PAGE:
I was watching a travel video about Burgenland (Austria), and was taken aback by the interview with this woman, at 2:41 here:


There's also an interview with her brother later on in the video. His T's and D's are also flat-frontal, but at least he trills his R's unlike her.

Her pronunciation sounds extremely Russian or Slavic to me. Is she a Slav? Does she have an accent?

In particular, the R's are 100% Russian or Slavic (frontal and rolled), and the T's and D's are almost 90% Russian, very frontal (close to the teeth and no puffing). This is exactly how Russians talk, with frontal sounds and rolled R's. In German I thought it was more alveolar-ridge for the T's and D's (like English, and with a slight puff), and rear-throat trills for R's.

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    I do not hear anything like a Slavic accent. For me as a German it sounds typical Austrian (although I am aware that there are many different Austrian dialects).
    – Paul Frost
    Mar 7, 2021 at 12:18
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    Have you ever heard an Austrian accent before?
    – Carsten S
    Mar 7, 2021 at 18:49
  • Since you seem to be familiar with the terminology (I am not), you may see here that there German pronunciation has a large variety: en.wikipedia.org/wiki/Standard_German_phonology
    – Carsten S
    Mar 7, 2021 at 19:08
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    Calling a specific pronunciation from Burgenland "Russian" seems to demonstrate a certain unawareness of other Slavonic languages being around there in the world, does it? If there is Slavonic influence in the pronunciation, it obviously would come from neighbouring Slavonic-speaking areas, e.g. Slovenia or Croatia (or Slavonic-speaking people in Hungary). - But these people's pronuncation is simply normal local Austrian anyway. Mar 8, 2021 at 12:21

1 Answer 1


As in other countries, there are many different dialects spoken in Austria, depending on the location.

The video is actually about the province of Burgenland, in the East of Austria (about as far from Tyrol as you can get).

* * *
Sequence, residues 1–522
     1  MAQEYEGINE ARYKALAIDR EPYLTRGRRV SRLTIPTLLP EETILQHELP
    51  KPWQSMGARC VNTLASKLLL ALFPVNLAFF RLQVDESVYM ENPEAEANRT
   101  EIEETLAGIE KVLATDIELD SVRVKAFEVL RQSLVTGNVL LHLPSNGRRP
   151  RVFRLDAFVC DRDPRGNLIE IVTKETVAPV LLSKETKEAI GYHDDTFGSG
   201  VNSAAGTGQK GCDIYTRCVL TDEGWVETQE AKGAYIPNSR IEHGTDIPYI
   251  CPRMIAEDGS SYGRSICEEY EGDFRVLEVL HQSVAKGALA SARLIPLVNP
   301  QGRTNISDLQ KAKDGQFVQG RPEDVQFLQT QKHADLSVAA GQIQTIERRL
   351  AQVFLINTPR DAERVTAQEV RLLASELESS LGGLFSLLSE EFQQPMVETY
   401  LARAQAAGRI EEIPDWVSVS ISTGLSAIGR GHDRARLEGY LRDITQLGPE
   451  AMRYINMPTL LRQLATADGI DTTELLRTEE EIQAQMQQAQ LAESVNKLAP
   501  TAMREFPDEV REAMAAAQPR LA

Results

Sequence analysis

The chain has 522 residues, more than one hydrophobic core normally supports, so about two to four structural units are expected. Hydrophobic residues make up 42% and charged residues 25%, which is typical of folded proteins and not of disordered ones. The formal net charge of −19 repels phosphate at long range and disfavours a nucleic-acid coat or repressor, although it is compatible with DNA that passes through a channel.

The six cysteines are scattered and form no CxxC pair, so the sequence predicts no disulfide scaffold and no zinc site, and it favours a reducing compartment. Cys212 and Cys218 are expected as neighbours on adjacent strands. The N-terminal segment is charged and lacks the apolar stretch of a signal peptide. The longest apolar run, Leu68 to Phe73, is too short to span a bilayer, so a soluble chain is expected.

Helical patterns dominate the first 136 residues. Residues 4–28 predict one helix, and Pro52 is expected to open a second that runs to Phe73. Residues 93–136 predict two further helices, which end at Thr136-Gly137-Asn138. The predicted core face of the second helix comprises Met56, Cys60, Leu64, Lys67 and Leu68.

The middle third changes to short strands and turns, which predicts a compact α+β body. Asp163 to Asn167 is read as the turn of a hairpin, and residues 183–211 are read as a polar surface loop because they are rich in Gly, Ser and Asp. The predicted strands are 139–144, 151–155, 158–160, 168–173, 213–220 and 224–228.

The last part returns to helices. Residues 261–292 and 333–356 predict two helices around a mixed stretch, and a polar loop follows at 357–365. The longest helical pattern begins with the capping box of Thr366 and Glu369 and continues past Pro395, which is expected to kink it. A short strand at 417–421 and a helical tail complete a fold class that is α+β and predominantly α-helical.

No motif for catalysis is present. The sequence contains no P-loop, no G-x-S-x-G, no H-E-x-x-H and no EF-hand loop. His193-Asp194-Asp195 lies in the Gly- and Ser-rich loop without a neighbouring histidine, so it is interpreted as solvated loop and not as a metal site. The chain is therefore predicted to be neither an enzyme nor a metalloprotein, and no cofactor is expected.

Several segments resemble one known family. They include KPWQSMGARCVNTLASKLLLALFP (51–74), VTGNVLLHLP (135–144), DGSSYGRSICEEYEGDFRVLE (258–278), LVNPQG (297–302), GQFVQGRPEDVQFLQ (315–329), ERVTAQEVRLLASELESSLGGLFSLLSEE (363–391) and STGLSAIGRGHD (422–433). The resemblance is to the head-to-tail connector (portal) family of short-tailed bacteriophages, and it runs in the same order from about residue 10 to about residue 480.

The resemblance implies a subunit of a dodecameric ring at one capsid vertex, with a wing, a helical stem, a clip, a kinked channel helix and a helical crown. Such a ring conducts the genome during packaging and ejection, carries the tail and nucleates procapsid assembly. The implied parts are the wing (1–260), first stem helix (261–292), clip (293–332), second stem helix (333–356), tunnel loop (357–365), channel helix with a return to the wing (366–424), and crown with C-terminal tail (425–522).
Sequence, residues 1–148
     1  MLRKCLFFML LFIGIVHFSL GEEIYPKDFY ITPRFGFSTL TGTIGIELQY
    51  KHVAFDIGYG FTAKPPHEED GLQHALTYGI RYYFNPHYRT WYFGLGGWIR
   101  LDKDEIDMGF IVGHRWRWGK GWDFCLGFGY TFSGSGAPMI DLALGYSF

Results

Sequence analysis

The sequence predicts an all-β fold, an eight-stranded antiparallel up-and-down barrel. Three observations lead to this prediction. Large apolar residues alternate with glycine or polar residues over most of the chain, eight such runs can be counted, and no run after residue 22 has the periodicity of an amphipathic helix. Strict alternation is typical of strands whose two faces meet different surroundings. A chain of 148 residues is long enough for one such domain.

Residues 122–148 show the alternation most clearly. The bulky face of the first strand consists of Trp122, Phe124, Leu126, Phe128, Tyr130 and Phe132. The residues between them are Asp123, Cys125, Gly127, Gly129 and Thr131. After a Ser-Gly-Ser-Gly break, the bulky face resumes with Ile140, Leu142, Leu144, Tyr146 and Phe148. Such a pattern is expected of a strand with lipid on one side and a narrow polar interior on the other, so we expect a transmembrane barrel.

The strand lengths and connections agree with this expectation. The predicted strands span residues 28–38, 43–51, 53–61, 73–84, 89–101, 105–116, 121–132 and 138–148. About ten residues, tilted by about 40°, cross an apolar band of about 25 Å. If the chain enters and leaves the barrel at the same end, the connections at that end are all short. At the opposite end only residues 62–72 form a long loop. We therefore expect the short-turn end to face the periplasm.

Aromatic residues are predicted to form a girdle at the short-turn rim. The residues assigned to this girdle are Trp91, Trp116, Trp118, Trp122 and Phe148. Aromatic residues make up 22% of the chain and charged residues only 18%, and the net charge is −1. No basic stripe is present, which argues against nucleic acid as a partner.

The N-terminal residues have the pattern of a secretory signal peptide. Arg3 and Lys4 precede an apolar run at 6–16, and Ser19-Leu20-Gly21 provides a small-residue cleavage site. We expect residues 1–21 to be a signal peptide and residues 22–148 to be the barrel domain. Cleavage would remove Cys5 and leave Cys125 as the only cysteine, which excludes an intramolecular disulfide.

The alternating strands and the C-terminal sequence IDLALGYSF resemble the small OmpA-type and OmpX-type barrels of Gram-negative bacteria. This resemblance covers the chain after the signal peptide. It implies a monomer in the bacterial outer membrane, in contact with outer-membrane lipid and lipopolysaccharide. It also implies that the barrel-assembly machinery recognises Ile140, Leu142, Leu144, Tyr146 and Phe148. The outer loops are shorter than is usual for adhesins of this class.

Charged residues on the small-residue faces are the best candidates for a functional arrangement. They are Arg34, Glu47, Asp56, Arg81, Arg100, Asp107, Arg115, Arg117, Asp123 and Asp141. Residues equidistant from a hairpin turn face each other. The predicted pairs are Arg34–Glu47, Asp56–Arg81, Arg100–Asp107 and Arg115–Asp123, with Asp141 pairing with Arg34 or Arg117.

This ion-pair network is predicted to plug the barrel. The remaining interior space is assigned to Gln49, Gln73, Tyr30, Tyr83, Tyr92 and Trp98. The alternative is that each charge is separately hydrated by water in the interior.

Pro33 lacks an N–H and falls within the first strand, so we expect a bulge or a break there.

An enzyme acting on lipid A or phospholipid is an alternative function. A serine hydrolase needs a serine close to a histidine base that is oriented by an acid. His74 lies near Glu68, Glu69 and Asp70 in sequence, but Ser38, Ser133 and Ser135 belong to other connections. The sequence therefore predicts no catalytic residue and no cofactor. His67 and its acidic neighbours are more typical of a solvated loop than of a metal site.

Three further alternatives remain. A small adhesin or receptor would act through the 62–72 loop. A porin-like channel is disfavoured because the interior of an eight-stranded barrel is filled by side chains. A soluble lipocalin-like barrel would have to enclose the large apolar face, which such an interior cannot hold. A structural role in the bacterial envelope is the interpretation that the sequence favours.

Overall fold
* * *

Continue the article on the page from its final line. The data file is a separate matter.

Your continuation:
Both her and her brother's pronounciation sound about 90 % "High-Austrian" to me, however with a slight flavour which points out they come from the countryside somewhere in Eastern Austria.

Let's review what we know:

  • They are natives of the Burgenland province
  • The last name is German, so probably not of the native Croatian ethnic group
  • They both have a university education, most likely acquired in Vienna
  • They are being interviewed for TV

... they talk exactly as I would expect. (probably when they talk among their family / childhood friends, the dialect would be more pronounced.)

We once had a chancellor (head of government) who never gave up his noticable Burgenland dialect:


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    Jup. She absolutely speaks like an eastern Austrian speaker trying to sound a bit more "standard" than in her native dialect -- a common occurrence when Austrians talk to Germans. Mar 7, 2021 at 8:34
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    Thanks I corrected my post to refer to Burgenland. So is this accent characterized by Slavic-like rolled R's and frontal T's? Since it's in the East, I would assume it's influenced by the neighboring countries of Slovakia and Hungary, which use Slavic mouth positions.
    – gene b.
    Mar 7, 2021 at 14:50
  • @geneb. Please open a separate thread for your follow-up question in your comment above. It is a distinct question and should be addressed in its own thread, so its answer wouldn't get lost in a comment. Mar 7, 2021 at 15:03
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    @geneb. Before you post a new question as jonathan.scholbach suggested, you should verify whether Hungarian, which is not a Slavic language, but from the same family as Finnish, features what you call Slavic mouth positions. Mar 7, 2021 at 17:17

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